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Pentagon Plans to Lift Ban on Transgender Troops

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FILE - Defense Secretary Ash Carter is expected to approve lifting a ban on transgender troops serving in the U.S. military.

FILE - Defense Secretary Ash Carter is expected to approve lifting a ban on transgender troops serving in the U.S. military.

The U.S. Defense Department plans to repeal its ban on transgender service members, ending a year of contentious internal debate about how they can serve openly.

The decision is expected to be announced July 1, USA Today reported Friday, citing a senior Pentagon official who spoke on condition of anonymity. A Pentagon press officer emailed VOA a statement Saturday saying that, "while the DoD anticipates completing our policy on transgender service members in the coming weeks, no date has been confirmed for the announcement."

Transgender troops currently can be discharged. Defense Secretary Ash Carter, who must approve the change, last year said current regulations on transgender troops were "outdated and are causing uncertainty that distracts commanders from our core missions." He called for a review, saying the ban would be revoked unless there were indications of "adverse impact."

Each branch would have one year to implement the changes, which would affect polices on recruiting, uniforms and housing.

An estimated 15,000 trans people serve in the U.S. military, Reuters reported, citing the National Center for Transgender Equality as its source.

Wide-ranging shifts

News of the planned policy shift broke on the same day that President Barack Obama designated as a historic monument the site of a 1969 gay revolt in New York City. The Stonewall Uprising is credited with sparking the lesbian, gay, bisexual and transgender (LGBT) civil rights movement.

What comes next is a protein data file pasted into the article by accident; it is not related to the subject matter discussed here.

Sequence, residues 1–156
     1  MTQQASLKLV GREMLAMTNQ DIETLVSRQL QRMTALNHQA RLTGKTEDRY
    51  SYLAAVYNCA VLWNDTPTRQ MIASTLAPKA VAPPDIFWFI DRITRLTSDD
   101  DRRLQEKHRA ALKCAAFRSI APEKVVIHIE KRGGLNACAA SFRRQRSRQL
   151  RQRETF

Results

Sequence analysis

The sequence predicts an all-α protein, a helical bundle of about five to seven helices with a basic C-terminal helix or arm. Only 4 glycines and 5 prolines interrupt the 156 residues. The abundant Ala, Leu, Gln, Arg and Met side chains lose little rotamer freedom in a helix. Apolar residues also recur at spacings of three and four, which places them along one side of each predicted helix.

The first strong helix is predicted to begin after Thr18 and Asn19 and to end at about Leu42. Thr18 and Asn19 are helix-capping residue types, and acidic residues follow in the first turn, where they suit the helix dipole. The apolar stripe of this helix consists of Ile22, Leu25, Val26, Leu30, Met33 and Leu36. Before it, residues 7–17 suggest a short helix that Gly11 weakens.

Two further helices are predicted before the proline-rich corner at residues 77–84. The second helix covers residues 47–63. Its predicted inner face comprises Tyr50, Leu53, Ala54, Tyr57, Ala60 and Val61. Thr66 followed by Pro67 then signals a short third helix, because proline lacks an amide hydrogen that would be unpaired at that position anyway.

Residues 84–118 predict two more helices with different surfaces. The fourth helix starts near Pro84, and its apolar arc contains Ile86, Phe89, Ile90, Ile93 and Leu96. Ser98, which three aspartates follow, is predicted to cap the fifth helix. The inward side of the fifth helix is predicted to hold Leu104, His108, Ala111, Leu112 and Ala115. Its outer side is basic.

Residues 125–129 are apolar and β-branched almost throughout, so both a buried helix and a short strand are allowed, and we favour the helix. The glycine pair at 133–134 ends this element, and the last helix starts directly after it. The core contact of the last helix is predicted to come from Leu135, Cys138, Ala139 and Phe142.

The military has undergone wide-reaching shifts in recent years.

In 2011, it lifted its ban on allowing openly gay troops to serve. Previously, the policy had been "don’t ask, don’t tell." On Monday, the U.S. Army held a welcome ceremony for its new secretary, Eric Fanning, the first openly gay person to lead a U.S. military service branch.

Last year, Carter ordered that each service branch open all military roles to women.

The American Military Partner Association, which represents LGBT families, said in a statement on its blog: "We are eagerly anticipating the details of this historic announcement and we are incredibly grateful for the leadership Secretary Carter has shown in getting us to this critically important point for our military families."

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